A Collection in
Special Collections and Archives, James Branch Cabell
Collection Number M 147
Virginia Commonwealth University, James Branch Cabell LibrarySpecial Collections and Archives
James Branch Cabell Library
Virginia Commonwealth University
Richmond, Virginia 23284-2003
Phone: (804) 828-1108
Fax: (804) 828-0151
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Funding: Web version of the finding aid funded in part by a grant from the National Endowment for the Humanities.
Processed by: B. Pittman and Heather Foster
Collection is open without restrictions.
Box/folder, Billy Debeck Collection, M 147, Special Collections and Archives, James Branch Cabell Library, Virginia Commonwealth University
The collection was given to the Department by Mr. DeBeck's Richmond secretary, Mrs. Addison C. Armstrong Jr.
Collection processed in August 1990. Finding Aid revised in June 2000.
William Morgan "Billy" DeBeck was born in Chicago, Illinois on 15 April 1890. He briefly attended the Academy of Fine Arts before leaving to pursue a career in cartooning. Supposedly, DeBeck had intended to work as a comic artist until he had earned enough money to finance a career in fine arts. He spent several years bouncing around various Midwestern newspapers, drawing political cartoons, sports cartoons, and comic strips, until he was fired from his Pittsburgh job in 1914. He sold correspondence courses for the next several years.
DeBeck returned to cartooning in 1916, landing a job with the Chicago Herald where he started the panel cartoon, Married Life. William Randolph Hearst attempted to hire him away to work for the Chicago Examiner; however, DeBeck declined the offer. Shortly afterwards, Hearst purchased the Herald and merged it with the Examiner. There is some debate among historians of journalism as to whether or not Hearst did it just to obtain the services of DeBeck.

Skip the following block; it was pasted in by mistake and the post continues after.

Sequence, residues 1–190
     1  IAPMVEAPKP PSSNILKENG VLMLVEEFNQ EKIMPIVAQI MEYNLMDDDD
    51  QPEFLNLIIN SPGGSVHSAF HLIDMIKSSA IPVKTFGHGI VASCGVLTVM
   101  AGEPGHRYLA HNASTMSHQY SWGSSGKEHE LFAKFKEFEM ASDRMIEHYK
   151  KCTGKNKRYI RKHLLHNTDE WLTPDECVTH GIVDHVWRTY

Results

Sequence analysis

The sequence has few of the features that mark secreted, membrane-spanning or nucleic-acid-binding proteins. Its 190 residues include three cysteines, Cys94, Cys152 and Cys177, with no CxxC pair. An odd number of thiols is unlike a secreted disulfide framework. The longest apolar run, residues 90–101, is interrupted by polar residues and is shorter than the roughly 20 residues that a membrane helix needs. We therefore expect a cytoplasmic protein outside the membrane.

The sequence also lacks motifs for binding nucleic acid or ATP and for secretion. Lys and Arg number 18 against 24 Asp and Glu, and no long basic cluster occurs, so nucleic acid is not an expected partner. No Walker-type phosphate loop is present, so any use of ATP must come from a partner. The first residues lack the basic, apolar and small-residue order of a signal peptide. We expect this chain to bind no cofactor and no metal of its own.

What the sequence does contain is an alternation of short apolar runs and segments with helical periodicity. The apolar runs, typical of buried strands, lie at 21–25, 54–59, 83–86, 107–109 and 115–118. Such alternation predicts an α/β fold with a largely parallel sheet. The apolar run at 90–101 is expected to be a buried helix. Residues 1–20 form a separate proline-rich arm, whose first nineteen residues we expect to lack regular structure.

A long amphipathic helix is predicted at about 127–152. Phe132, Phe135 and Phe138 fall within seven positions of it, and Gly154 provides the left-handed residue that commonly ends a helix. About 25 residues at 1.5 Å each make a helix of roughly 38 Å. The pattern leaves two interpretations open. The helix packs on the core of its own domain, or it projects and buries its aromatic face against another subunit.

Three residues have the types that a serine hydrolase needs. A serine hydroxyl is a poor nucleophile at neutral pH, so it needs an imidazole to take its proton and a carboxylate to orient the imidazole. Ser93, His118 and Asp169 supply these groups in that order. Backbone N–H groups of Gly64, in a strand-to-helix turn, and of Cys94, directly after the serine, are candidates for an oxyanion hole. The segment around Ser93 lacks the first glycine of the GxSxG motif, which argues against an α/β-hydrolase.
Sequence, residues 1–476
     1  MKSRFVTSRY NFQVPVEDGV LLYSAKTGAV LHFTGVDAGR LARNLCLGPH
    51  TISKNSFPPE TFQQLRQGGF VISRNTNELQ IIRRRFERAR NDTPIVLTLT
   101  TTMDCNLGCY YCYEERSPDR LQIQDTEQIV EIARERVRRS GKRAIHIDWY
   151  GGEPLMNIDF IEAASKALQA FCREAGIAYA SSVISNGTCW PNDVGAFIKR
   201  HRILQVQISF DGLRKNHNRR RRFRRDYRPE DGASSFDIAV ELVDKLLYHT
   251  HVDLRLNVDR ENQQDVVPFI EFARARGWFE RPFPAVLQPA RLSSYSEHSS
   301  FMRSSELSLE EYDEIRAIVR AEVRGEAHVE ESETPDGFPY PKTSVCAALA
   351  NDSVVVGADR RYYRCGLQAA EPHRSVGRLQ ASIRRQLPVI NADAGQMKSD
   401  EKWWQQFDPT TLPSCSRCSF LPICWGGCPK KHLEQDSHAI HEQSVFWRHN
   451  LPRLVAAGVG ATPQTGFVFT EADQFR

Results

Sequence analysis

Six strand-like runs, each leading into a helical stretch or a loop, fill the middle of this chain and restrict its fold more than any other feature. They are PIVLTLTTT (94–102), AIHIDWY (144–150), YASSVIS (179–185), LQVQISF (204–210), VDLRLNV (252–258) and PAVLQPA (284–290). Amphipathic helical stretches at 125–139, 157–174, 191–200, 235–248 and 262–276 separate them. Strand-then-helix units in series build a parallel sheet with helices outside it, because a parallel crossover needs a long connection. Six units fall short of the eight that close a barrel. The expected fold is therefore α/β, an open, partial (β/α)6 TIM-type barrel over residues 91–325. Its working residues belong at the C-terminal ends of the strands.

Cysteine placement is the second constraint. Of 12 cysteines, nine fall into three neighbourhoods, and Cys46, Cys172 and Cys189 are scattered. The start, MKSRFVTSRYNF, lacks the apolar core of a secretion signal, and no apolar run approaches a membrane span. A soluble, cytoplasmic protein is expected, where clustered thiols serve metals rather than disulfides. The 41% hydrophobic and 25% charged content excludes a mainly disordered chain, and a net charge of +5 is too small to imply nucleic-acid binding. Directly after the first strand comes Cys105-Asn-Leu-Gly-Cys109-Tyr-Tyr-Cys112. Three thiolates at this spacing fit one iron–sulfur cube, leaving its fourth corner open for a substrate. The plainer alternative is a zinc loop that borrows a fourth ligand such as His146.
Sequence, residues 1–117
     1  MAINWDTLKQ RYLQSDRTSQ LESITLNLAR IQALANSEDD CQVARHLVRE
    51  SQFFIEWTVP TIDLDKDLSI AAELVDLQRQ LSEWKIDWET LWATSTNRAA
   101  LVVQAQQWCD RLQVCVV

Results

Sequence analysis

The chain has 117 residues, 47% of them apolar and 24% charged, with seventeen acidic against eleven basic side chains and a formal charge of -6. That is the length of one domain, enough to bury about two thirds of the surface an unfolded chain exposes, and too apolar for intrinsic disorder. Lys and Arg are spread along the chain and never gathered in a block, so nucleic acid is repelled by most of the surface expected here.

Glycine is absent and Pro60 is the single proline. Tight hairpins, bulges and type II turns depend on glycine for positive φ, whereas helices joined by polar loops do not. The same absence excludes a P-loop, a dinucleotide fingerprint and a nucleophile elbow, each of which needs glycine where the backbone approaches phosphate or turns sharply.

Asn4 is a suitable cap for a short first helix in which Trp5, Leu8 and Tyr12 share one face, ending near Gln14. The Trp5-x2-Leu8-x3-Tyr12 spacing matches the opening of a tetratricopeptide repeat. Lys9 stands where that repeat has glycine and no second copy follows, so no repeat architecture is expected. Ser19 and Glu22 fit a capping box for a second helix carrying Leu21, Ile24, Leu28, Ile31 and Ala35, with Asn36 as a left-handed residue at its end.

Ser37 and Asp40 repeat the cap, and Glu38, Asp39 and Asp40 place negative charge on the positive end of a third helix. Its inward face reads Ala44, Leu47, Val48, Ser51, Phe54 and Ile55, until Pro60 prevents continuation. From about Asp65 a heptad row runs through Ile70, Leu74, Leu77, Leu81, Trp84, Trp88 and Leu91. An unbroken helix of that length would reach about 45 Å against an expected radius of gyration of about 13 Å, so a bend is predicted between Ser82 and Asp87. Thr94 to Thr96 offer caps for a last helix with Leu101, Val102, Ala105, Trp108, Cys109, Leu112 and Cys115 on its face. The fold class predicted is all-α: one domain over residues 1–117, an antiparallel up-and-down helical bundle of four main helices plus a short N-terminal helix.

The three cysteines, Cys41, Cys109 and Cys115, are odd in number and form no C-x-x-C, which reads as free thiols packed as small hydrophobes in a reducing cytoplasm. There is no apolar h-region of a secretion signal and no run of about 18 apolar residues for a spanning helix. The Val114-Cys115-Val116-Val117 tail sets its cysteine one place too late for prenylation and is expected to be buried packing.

Take Barney Google, For Instance made its debut in the sports pages as a strip about a hen-pecked husband who was obsessed with the much anticipated Dempsey-Willard boxing match in July, 1919. The strip proved popular enough that it was eventually syndicated by King Features. It remained a domestic strip until 1922 when DeBeck introduced Spark Plug, a two-year-old race horse whose meager frame was covered in a horse blanket. DeBeck changed the format from a daily gag to a comedy continuity. The horse became so beloved by readers that the name of the strip was changed to Barney Google and Spark Plug.
DeBeck introduced yet another new character to the strip in 1934. Barney Google inherited an estate in North Carolina, and in June of that year he arrived at a ramshackle cabin in the heart of hillbilly country and immediately became enmeshed in a romantic triangle that resulted in a huge wedding where a local by the name of Snuffy Smith and his wife, Lowizie, were guests. As the 1930s drew to a close, the strip's name was changed once more to Barney Google and Snuffy Smith to reflect the increasing popularity of the cantankerous hillbilly.
He lived in Paris for two years after his 1927 marriage, before settling in alternating residences in Great Neck (Long Island), New York and Palm Beach, Florida.
After DeBeck's death from cancer on 11 November 1942, his longtime assistant, Fred Lasswell, took over the strip. Barney Google was eventually fazed out in favor of a daily hillbilly gag. The name was changed to simply Snuffy Smith, reflecting the new direction of the strip.
Source: The Encyclopedia of American Comics. Ron Goulart, ed. New York: Facts On File, 1990.
The collection consists of Mr. DeBeck's library of 121 books, many with notes and sketches by the artist were transferred to book collection. A green door that has artwork by DeBeck depicting Barney Google and his racehorse, Spark Plug is currently on display in the lobby area of Special Collections. A first day cover U.S. postage stamp of Barney Google was added in 2003. A second first day U.S. postage stamp was added in 2006.
Materials arranged in alphabetical order.